Does Brand Matter When Buying Refrigerants?
It really depends on who you talk to in the industry. Some swear by American Made Refrigerant only, others are all about price and say that there is little or no difference in the foreign products.
You always hear about people who will only buy American Made products but it seems that as the years go by this mentality has lessened over time. Chinese product isn’t the cheap stuff that breaks in a day or two anymore. China’s economy is growing and with that growth comes bigger and better companies. These companies are making better product than companies of the past as well.
So, it begs the question would you pay ten, twenty, or even thirty dollars more per cylinder of Refrigerant to buy American made? If so, then that leads to the next question of what companies actually make their products in America? In 2014 there is only one manufacturing company, DuPont, that I know of that is still making one-hundred percent of their product here in the United States. All of the other major players such as HoneyWell, MexiChem, and other miscellaneous manufacturers either only have a small percentage of their product manufactured in the United States or none at all.
Anti-Dumping on R-134A
I’ve discussed this in previous posts but this relates back to brand name versus price. In late 2013 MexiChem, a refrigerant manufacturer, filed a lawsuit in the International Trade Commission. The law-suit basically said that the Chinese R-134A refrigerant product was being dumped into the United States market at an unfair price and in excessive quantities.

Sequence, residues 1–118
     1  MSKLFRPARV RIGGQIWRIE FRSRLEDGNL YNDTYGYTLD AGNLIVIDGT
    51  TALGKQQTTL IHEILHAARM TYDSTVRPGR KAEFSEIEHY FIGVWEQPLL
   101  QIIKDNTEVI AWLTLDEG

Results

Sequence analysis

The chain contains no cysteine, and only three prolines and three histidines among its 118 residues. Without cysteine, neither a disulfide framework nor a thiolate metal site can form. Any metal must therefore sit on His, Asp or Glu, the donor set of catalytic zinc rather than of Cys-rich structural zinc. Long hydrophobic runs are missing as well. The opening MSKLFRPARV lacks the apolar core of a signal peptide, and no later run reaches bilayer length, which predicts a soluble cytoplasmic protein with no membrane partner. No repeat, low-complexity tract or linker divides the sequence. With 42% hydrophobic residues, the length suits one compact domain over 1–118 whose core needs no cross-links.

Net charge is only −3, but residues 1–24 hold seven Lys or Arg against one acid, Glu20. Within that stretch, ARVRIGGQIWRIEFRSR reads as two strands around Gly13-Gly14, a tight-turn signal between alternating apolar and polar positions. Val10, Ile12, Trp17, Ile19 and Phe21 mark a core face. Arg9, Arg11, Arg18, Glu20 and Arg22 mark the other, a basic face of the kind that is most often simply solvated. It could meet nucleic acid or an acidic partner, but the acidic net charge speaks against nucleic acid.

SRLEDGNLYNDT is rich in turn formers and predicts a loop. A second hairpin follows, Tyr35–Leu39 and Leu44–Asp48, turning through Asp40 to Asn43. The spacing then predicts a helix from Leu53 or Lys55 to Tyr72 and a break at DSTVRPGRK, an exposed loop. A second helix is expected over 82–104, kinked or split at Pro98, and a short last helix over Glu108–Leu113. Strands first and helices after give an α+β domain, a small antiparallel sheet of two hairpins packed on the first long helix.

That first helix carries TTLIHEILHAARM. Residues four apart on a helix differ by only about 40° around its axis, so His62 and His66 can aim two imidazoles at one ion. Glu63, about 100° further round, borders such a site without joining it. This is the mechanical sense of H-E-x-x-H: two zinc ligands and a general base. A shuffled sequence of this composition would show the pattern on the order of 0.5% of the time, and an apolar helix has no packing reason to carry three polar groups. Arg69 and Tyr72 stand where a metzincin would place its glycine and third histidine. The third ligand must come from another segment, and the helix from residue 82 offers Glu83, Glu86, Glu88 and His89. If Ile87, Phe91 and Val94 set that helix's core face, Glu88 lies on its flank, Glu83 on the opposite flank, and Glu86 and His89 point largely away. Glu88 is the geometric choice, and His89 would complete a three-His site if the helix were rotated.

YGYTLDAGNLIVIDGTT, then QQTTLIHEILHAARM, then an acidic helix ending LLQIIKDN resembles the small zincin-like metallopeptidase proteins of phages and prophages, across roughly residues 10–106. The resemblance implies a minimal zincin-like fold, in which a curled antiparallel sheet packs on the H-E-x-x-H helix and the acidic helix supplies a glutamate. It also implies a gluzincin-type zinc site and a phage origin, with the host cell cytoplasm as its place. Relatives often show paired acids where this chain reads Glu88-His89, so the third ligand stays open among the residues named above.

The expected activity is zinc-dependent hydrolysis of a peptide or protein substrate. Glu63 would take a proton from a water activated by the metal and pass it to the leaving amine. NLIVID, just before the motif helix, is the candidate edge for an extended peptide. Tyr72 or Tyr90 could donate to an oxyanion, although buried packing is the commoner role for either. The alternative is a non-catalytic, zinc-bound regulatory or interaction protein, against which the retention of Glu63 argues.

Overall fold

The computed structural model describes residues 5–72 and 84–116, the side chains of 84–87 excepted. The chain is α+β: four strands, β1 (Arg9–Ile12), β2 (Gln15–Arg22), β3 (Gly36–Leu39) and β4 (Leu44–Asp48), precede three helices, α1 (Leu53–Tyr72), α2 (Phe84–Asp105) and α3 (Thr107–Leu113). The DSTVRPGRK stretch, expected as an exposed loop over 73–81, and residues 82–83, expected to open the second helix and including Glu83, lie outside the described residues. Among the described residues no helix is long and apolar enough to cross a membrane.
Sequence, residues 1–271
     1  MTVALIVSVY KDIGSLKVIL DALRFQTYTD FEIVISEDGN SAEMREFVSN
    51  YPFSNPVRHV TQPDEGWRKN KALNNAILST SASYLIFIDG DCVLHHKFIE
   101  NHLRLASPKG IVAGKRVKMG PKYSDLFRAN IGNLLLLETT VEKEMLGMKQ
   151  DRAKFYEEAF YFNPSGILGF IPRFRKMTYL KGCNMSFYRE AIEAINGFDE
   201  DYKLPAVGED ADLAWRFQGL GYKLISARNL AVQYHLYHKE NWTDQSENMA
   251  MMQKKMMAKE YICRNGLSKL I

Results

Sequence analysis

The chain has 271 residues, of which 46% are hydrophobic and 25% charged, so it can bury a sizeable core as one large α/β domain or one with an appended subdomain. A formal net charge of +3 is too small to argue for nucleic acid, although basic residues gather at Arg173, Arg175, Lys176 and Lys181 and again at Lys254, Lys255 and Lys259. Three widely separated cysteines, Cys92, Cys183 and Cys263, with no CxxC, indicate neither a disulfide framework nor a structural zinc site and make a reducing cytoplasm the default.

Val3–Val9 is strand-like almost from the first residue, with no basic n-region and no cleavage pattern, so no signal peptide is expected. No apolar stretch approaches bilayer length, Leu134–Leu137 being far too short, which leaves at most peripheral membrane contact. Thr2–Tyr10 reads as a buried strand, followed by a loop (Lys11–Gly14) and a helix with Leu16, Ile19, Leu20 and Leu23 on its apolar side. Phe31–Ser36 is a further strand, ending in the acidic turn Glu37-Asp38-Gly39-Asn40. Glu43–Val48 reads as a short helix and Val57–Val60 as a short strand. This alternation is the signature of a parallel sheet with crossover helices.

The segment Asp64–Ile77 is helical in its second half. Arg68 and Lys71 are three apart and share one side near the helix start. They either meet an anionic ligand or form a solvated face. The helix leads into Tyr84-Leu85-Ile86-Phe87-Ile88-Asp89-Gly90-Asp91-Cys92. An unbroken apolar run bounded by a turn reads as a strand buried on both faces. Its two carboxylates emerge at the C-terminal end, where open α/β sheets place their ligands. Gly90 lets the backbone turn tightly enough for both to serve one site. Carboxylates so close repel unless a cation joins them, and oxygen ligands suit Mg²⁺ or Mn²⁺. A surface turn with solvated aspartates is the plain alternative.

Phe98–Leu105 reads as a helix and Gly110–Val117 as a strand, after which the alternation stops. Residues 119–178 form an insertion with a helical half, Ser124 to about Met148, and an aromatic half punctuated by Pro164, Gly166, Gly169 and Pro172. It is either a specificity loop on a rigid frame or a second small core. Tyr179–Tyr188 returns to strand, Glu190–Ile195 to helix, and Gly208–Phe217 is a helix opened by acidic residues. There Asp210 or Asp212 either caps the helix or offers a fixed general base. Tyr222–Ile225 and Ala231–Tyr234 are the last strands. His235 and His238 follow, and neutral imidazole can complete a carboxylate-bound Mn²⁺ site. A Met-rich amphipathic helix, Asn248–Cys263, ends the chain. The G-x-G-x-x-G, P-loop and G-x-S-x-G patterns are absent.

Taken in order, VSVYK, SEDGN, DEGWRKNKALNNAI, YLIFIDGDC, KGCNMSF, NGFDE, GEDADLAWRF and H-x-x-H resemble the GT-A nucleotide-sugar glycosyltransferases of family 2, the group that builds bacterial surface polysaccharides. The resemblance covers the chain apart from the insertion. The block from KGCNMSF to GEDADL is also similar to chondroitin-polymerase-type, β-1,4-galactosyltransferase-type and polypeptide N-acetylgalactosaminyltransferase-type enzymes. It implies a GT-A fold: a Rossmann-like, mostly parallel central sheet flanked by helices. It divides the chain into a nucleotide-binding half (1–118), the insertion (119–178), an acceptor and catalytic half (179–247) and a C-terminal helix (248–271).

The Chinese R-134A product was twenty, sometimes thirty, dollars below the North American manufactured product. This caused the companies that do manufacture here to lower their prices to compete with the off-shore product. Customers didn’t seem to care that it was Chinese product. All they saw was dollar signs. Think about it, if you were to buy a pallet of forty jugs of R-134A for thirty dollars cheaper per jug you would be saving $1,200 per pallet. That is a significant savings especially when you consider that many customers go through five to ten pallets a year.
MexiChem’s goal with the lawsuit that they filed was to impose hefty tariffs on the R-134A imports. This would allow the Chinese product to still come in but would punish the imports with the taxes and raise the overall cost on Refrigerant for all consumers across the country. It’s a sensible move for MexiChem but in my eyes it is only hurting the consumer.
If I was in MexiChem’s boots I would have looked at my company and my product and asked myself, “How can I compete better with this imported product? What can I do better? How can I lower my final cost?” Instead they went the route of lobbying the government to impose unneeded taxes on a growing import.
Luckily, a ruling came back last week from the International Trade Commission that said the R-134A imports are NOT harming the North American market and there will not be increased tariffs on the product.
With what I have seen over the past few years is that at-least in the refrigerant industry brand does not seem to make a difference. I rarely see customers asking for a specific brand, instead the question is what is my price? What is the best price you can do? Brand rarely comes into question. They want the Refrigerant and that is all. They don’t care where it comes from.